Lyme disease was first discovered in 1975 in Lyme, Connecticut when an increased number of individuals were diagnosed with juvenile rheumatoid arthritis. Samples of their blood, cerebral spinal fluid, and other tissues were evaluated in the lab, and the causal agent was found to be the Borrelia burgdorferi, the causative agent of Lyme disease.
Since then, our understanding of the disease has expanded. It has become an even greater concern over the past few years due to the drastic increase in incidence of the disease. In 2009, CDC estimated over 37,000 probable cases nationwide. In 2009, CDC confirmed over 4,000 cases in Massachusetts alone. The rise in incident cases can be attributed to five main causes:
- increased vector abundance;
- overabundant deer population;
- increased recognition and diagnosis of the disease;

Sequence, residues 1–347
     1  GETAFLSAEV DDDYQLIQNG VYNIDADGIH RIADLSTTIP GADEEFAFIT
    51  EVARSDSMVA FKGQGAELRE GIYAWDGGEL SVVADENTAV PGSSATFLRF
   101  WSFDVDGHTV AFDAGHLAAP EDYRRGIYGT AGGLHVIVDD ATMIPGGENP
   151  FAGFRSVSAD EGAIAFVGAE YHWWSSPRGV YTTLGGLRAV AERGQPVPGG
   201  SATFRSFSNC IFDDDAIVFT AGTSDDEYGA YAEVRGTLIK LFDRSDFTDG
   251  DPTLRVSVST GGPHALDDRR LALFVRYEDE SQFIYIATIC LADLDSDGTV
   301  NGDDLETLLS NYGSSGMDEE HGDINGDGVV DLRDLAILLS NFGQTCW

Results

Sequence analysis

- newly developed residential areas in wooded areas;
- increased interaction between humans and other species, including ticks
These high incidence rates are of great concern, and should lead to increased efforts from public health professionals to address the problem. This module serves as a tool in an effort to disseminate knowledge to public health officials regarding Lyme disease in an attempt to counter the problem in our nearby communities.
|Myths about Lyme Disease
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After successfully completing this module, you will be able to:
- State the causative agent of Lyme disease.
- Explain the roles of the vector, hosts, and reservoirs of the disease.
- Identify the vector (deer tick).
- Explain the method of transmission.
- Define the people who are at greatest risk of developing Lyme disease.
- Define common symptoms of the disease.
- Explain how Lyme disease is diagnosed.
- Outline the general treatment options.
- Explain the options for preventing and controlling Lyme Disease, with particular emphasis on personal prevention.
- Explain the role of the LBOH in disease reporting and surveillance.
- Discuss the "Chronic Lyme Disease Controversy."